One of the most impressive things to do is to sink the eight ball on the break.
This not only wins the game but it looks really cool!
There are a few reasons NOT to try to make the eightball on the break, the cue ball could fly off the table, the eight ball and the cue ball could go in resulting in a loss, or you could scratch the cue ball.
POOL LESSON: How to make the eight ball on the break
Make sure the rack is tight. A tight rack will insure a more consistent outcome.
Set up the cue ball one ball away from the rail (see diagram for exact placement). If you are on the right rail use low left English, if you are on the left use low right English. Aim as if you are trying to split first and second ball. You actually do not want to hit the first ball as it will push the eight ball in the wrong direction. The idea is to make the eight ball in the side pocket opposite from the rail that you are shooting from.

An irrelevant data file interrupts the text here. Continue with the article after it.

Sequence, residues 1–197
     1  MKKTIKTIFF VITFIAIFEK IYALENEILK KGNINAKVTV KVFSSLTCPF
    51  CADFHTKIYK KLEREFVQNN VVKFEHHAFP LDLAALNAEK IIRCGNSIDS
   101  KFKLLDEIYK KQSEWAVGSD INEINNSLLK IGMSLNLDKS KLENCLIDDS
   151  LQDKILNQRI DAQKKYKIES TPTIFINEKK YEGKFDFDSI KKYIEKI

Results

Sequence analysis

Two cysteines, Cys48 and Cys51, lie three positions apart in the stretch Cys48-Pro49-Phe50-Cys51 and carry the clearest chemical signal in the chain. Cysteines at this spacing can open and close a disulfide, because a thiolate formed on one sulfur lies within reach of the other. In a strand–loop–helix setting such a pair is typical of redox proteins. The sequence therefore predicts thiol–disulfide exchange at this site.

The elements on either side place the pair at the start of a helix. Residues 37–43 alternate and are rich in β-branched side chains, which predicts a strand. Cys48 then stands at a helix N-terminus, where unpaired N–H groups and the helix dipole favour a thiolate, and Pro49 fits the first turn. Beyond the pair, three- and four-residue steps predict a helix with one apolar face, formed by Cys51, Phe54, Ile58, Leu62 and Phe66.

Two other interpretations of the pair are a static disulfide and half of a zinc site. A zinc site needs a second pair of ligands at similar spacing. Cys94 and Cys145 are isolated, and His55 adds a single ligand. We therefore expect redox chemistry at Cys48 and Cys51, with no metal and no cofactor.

It will take some practice in getting the right stroke. Anytime you hit the cue ball low and hard you risk sending the ball flying off the table. Especially in a bar where the cue ball is so much larger than the other balls. Try to learn how hard you can hit the ball without sending it flying.
Low left or right English is used to avoid scratching in the corner pockets. Hitting the cue ball with english and enough force to break the balls up will make the cue ball go off it’s aiming line. This is called squirt. If you are hitting the cue ball on the right side it will have the tendency to “squirt” to the left. So adjust your aiming line accordingly.
It takes a lot of practice to try to sink the eight ball on the break. Just remember that there is no sure fire way to make the eight ball on the break every time, but it is possible to help out your odds by using the technique described above.
Also known as “8 Ball”